CUTS International is implementing a Project on Competition Reforms targeting agriculture and transport sectors in four countries including Zambia. The other countries are Ghana, India and the Philippines. CUTS International Africa Regional Director Rejit Sengupta said that the Project titled ‘Competition Reforms in Key Markets for Enhancing Social and Economic Welfare in Developing Countries (CREW)’ will benefit both consumers and producers.
Sengupta, Coordinator of the CREW Project, said that the process of competition enforcement is fairly weak across many developing countries, and needs to be strengthened to ensure that competition reforms lead to measurable welfare gains.
Speaking at the second National Reference Group (NRG) Meeting held in Lusaka he said, “Through this Project, CUTS aims to develop an approach, which would help in assessing the benefits of competition reforms on consumers and producers in the two sectors”.
Sengupta said that maize and bus transport sectors particularly, could have impacts on consumers and producers, hence, the Project is trying to identify benefits that are accruing to consumers and producers in the two sectors that can be attributed to competition reforms.
The NRG comprised key national institutions and stakeholders with specific role of taking the Project findings forward for policy and practice changes. The purpose of the NRG meeting was to allow the sector experts to share the findings from the Project to enable the NRG members to review them and guide the researchers on issues that need to be explored further.
In the same event, Competition and Consumer Protection Commission (CCPC) Director for Mergers and Monopolies Luyamba Mpamba highlighted that Agriculture and Transport being targeted, under the Project are also among the most viable and open to entry, which has seen CCPC intervening in them following some allegations of anti-competition practices. “We are happy that such a Project is being implemented in Zambia as this would help in identifying reforms that can remove impediments that are stifling competition, leading to adverse impact in the market” , he said.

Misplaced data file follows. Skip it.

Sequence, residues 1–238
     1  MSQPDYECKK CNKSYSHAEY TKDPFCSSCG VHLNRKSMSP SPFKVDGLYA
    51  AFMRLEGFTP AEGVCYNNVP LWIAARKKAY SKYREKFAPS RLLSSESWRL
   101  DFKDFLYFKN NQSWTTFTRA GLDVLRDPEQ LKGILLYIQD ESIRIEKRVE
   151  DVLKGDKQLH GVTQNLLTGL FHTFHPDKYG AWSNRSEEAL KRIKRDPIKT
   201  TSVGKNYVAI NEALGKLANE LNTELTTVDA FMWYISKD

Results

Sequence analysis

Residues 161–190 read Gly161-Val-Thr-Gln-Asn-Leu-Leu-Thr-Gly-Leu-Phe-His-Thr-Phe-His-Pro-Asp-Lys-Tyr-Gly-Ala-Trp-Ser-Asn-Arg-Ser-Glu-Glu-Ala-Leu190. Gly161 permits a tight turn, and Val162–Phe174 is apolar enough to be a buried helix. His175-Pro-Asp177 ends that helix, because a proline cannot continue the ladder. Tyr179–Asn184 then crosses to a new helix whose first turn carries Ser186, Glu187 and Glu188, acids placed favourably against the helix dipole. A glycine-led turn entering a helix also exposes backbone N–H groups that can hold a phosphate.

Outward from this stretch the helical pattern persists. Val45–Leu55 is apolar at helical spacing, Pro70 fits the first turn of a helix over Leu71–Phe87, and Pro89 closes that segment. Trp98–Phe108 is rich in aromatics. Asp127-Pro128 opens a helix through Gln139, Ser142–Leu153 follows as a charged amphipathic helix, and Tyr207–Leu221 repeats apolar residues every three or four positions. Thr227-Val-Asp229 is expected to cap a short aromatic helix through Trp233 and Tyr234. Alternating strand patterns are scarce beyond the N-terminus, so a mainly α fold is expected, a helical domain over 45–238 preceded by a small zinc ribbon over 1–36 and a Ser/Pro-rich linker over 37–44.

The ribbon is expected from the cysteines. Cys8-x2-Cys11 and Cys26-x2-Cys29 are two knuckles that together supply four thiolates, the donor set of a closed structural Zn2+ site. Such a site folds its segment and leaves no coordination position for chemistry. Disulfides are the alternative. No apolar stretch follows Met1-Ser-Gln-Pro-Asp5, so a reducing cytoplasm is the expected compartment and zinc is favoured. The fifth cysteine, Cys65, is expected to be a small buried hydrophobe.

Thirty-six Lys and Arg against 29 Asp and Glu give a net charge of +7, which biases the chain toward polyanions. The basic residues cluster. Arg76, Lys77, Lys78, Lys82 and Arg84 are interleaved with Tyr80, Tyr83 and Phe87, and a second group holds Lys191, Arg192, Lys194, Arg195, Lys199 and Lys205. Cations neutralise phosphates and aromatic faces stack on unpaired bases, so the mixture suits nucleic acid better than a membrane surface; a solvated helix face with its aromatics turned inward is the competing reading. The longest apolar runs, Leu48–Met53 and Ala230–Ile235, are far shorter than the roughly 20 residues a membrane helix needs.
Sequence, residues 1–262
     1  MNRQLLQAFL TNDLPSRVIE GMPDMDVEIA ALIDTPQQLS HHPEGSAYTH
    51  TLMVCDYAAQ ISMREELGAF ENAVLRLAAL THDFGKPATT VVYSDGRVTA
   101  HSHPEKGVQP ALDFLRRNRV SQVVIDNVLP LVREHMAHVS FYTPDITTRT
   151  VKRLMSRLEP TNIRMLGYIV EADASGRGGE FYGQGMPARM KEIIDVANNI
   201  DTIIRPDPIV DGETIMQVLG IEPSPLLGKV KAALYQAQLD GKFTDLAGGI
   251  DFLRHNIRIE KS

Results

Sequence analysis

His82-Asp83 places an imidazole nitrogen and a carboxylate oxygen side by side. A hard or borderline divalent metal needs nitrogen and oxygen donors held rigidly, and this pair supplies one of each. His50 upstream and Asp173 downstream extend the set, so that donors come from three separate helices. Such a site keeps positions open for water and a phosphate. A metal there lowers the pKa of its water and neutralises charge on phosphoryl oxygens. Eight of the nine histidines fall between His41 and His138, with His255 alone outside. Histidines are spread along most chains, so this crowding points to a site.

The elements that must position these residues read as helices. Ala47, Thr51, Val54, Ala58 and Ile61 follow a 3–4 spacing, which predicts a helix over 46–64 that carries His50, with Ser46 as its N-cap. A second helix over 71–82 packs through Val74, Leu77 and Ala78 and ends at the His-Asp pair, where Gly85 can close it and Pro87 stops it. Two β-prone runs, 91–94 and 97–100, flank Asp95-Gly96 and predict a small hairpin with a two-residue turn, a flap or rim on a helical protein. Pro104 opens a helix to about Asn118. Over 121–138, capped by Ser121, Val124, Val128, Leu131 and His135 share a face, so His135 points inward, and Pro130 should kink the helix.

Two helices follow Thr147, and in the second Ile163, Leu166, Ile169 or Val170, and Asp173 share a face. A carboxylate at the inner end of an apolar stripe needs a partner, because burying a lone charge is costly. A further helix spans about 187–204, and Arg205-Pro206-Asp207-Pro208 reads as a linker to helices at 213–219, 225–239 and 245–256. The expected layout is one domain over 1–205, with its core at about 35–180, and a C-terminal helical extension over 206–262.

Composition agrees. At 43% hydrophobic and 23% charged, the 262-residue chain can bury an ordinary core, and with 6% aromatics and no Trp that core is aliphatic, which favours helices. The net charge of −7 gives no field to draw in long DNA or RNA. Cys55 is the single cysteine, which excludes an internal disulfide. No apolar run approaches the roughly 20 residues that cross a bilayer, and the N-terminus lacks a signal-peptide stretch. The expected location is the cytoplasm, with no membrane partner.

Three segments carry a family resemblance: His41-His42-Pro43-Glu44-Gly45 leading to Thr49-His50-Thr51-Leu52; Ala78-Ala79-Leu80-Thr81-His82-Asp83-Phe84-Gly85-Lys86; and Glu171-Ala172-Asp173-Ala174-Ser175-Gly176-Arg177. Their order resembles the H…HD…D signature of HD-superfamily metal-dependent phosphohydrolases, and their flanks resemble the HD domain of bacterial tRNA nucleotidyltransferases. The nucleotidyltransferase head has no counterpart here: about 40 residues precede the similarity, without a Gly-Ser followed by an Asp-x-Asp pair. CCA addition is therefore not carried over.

Earlier, the Ministry of Commerce, Trade and Industry Permanent Secretary, Siazongo Siakalenge, said that demonstrating benefits of competition to stakeholders using a credible body of evidence has remained a challenge for developing country’s policy-makers. Siakalenge said that the Government is ready to work with CUTS in liaising with the Ministries of Agriculture and Transport for exploring the incorporation of emerging recommendations from the Project in relevant policies and processes.
The meeting was characterised by informative discussions from the institutions being represented. These included Zambia Consumers Association, the Food and Agriculture Organisation, the Commuters Rights Association of Zambia and the Zambia Bureau of Standards.
(Zambia Daily Mail, 06.07.14)
Electricity Tariff Hike Not to be Used to Increase Prices
Zambia Electricity Supply Corporation Limited (ZESCO) said that the recently announced hike in electricity tariffs should not be used as a scapegoat to increase prices of goods and services for the consumers.
ZESCO’s Managing Director, Cyprian Chitundu, said that the 25 percent tariff hike, which was recently announced by the Energy Regulations Board (ERB) was minimal and that it would be exploitative if other goods and service providers use it as a scapegoat to increase prices.
“There is no way prices of bread, transport by mini bus owners or rentals should go up. These tariffs are not out of this world”, Chitundu said. “We are mindful that these changes don’t hit the people’s pockets. Despite these changes, people who want to use charcoal, kerosene will be paying more. The tariffs are still lower than what people pay for their mobile phones”,he added.
However, the ERB has allowed ZESCO to increase electricity tariffs for domestic consumers by 24.63 percent effective from July.
(Source: Lusaka Times: 12.06.14 )
Bumper Harvest to Reduce Mealie Meal Prices
The Civil Society for Poverty Reduction has commended the Zambian farmers for producing a record Maize bumper harvest for the 2013-14 farming season. CSPR Head of Information and Advocacy Diana Ngula said that the farmers need praise for their hard work, which has resulted in surplus Maize production.
Ngula, however, said that surplus Maize should result in reduced mealie meal as the current mealie meal prices are way beyond the reach of most of the citizens.
“Admittedly, Nshima is our staple food and we feel happy as a nation when we attain food security and food sovereignty and we say kudos to our hard working farmers but the bone of contention should be whether this will translate into lower mealie meal prices” , she said.
(Source: Lusaka Times, 14.05.14 )
CSPR Urges Government to Intervene in Fuel Price Hike
The Civil Society for Poverty Reduction (CSPR) in Eastern Province appeals to the Government to intervene in the recently increased fuel pump prices. CSPR Provincial Coordinator, Maxson Nkhoma stated that the decision to increase the pump prices will impact negatively on the ordinary Zambians who are already living, under the poverty datum line of one dollar per day.
“As CSPR we feel and know that government should have found other practical ways of ensuring that the money saved from subsidies could have been channeled to benefit many citizens than increasing the fuel pump price”, he said.